Football’s Coming Home

Football’s Coming Home

Providing much needed housing for London and the UK

LONDON, 13 June, 2018 — Football clubs in England and Wales have provided a significant contribution towards the UK Government’s goal of boosting housing supply.

As England prepares for World Cup 2018, JLL analysis of major stadium developments over the past 20 years shows that 15 professional football clubs have collectively enabled the delivery of nearly 7,000 new homes, as well as boosting their stadium capacities by an average of 63%.

Five London clubs – Arsenal, Tottenham Hotspur, Brentford, AFC Wimbledon and West Ham United – account for 3,600 new homes, equivalent to around a fifth of the Capital’s annual new housing delivery.

The UK Government has set a national target to deliver 300,000 new homes per year in order to meet the accommodation needs of a rapidly growing population.

The trend of converting old football grounds into housing started back in the 1990s when the Taylor Report into the Hillsborough disaster recommended that stadiums become seating-only venues, thereby reducing their capacity. This coincided with the launch of the Premier League in 1992, which spurred lucrative satellite TV deals that increased football clubs’ wealth.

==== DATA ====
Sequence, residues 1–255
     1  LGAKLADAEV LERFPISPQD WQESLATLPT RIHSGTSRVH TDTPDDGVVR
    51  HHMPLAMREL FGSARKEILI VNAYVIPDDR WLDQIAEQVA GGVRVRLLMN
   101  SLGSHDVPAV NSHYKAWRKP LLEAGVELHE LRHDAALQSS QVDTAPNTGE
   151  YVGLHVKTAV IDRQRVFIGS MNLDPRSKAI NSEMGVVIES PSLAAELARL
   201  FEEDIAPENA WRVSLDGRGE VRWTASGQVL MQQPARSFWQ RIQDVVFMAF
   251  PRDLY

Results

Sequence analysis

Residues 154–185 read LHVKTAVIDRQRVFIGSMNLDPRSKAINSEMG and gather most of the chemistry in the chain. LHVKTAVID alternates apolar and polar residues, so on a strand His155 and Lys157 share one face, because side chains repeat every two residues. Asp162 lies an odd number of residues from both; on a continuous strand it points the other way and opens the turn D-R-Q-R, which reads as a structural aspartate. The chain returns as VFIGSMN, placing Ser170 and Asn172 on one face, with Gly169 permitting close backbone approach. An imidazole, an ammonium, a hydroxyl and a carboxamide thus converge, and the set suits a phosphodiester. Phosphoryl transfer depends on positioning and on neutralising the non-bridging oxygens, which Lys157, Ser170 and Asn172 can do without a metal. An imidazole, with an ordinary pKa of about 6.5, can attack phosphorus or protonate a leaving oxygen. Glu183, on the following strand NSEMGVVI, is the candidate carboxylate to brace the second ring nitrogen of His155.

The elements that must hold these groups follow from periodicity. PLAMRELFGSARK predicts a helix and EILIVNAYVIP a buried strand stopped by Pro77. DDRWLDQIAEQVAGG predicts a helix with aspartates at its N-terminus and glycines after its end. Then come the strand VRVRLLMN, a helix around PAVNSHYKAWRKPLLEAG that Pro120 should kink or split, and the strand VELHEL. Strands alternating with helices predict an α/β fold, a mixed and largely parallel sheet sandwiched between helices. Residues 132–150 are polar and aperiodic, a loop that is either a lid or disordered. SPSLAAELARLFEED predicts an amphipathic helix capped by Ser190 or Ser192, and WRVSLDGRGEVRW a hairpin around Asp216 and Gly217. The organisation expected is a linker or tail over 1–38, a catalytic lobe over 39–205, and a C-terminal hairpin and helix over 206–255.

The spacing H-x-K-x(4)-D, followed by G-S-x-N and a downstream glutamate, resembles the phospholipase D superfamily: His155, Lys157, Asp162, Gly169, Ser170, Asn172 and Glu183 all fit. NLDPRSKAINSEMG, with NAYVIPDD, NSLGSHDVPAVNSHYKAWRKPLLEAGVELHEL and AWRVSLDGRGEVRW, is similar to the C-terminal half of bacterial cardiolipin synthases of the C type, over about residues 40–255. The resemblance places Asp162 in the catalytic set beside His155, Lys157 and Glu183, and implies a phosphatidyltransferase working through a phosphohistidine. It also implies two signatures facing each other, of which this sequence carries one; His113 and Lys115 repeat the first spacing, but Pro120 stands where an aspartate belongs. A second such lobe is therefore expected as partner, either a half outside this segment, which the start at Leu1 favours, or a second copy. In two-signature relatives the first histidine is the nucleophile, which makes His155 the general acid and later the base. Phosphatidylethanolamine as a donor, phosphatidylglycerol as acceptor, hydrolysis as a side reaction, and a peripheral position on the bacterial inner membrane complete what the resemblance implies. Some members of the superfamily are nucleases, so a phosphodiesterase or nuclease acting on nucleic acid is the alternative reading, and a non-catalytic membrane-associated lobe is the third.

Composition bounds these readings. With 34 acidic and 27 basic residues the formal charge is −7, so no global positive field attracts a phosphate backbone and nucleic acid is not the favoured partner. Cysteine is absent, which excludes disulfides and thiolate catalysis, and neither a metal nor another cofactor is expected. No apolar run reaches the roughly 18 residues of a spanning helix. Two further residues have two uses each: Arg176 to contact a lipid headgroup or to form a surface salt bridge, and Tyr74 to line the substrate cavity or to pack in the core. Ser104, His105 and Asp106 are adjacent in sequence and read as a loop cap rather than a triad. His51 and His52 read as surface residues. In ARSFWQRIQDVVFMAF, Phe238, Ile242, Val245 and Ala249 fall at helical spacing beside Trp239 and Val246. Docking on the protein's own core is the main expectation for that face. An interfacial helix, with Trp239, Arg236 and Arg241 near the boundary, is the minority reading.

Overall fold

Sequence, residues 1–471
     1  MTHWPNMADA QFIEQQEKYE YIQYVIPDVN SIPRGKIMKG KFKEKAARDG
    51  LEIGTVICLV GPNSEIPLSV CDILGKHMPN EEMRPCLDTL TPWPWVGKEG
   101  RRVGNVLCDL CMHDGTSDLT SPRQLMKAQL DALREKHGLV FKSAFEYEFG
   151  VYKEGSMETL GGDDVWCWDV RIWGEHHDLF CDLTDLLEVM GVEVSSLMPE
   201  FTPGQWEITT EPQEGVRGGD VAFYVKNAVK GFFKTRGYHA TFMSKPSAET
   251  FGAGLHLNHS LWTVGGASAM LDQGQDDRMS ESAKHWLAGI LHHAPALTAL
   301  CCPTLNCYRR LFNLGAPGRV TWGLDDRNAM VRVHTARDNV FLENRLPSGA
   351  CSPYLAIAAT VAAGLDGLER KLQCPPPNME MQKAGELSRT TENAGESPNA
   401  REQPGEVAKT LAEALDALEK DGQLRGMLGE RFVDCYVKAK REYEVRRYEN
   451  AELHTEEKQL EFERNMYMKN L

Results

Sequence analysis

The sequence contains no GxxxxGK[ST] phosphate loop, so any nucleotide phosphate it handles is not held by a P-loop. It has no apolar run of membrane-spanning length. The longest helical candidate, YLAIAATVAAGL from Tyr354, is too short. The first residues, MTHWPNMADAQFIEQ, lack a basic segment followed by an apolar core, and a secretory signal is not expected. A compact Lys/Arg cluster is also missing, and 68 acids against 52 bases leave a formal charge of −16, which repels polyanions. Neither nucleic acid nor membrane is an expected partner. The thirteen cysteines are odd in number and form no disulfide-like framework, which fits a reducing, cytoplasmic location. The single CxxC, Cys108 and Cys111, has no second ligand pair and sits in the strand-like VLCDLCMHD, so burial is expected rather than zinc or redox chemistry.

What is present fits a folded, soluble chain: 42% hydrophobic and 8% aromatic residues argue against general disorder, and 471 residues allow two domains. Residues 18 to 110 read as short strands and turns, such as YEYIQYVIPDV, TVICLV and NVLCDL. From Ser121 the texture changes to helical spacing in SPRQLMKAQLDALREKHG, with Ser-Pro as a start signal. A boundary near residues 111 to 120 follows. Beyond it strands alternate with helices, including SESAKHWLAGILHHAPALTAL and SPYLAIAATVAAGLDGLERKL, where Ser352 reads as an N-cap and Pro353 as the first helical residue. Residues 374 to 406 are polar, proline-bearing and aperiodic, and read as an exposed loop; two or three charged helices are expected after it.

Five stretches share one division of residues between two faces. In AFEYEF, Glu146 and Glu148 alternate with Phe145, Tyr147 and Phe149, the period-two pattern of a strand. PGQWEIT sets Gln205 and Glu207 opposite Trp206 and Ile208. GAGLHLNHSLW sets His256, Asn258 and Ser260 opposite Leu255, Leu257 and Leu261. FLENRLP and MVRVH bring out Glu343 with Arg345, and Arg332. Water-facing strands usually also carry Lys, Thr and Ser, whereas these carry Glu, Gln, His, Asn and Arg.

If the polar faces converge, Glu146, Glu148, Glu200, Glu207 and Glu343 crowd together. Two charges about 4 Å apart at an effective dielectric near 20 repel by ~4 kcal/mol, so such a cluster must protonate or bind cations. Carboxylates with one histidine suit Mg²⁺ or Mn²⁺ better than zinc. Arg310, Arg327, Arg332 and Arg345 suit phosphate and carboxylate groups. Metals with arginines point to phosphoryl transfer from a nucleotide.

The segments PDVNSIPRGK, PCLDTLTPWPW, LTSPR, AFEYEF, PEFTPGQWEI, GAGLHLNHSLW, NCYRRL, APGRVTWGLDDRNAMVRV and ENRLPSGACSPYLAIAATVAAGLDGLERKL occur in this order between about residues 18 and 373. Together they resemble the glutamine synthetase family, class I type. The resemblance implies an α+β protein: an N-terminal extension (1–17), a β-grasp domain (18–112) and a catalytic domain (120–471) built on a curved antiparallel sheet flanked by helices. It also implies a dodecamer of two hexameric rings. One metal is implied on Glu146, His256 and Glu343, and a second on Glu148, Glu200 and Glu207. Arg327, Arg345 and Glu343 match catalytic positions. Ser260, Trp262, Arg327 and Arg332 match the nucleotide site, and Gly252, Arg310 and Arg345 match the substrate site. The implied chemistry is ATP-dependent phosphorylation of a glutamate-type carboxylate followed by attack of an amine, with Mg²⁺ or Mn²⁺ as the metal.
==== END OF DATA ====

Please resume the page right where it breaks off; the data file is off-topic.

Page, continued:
Several clubs, including Arsenal, Middlesbrough, Sunderland and Southampton, have now moved to bigger grounds, thus freeing up their old stadiums to become housing developments.

In London, top clubs have favoured building new stadiums with large numbers of new-build flats included in their overall development plans. Tottenham Hotspur’s 62,000-seater stadium in White Hart Lane will have 585 on-site flats when it is completed later this year, while AFC Wimbledon’s new stadium in South West London will include 602 homes.

JLL Research Director Nick Whitten says: “Most football stadiums are located in urban areas where building new housing is the number one priority.

“Football clubs are a very important part of the local community where they are located. In supporting the delivery of new homes, they are helping to grow those communities.

“The need for new housing in the UK will continue to influence stadium developments. The majority of clubs that needed to expand have already done so, but there are still clubs who are planning to build modern fit-for-purpose stadiums, such as Chelsea and Everton.

“The drive for more housing looks set to remain so football clubs have an opportunity to work with local authorities and local communities to provide new homes to help alleviate the UK’s housing crisis.”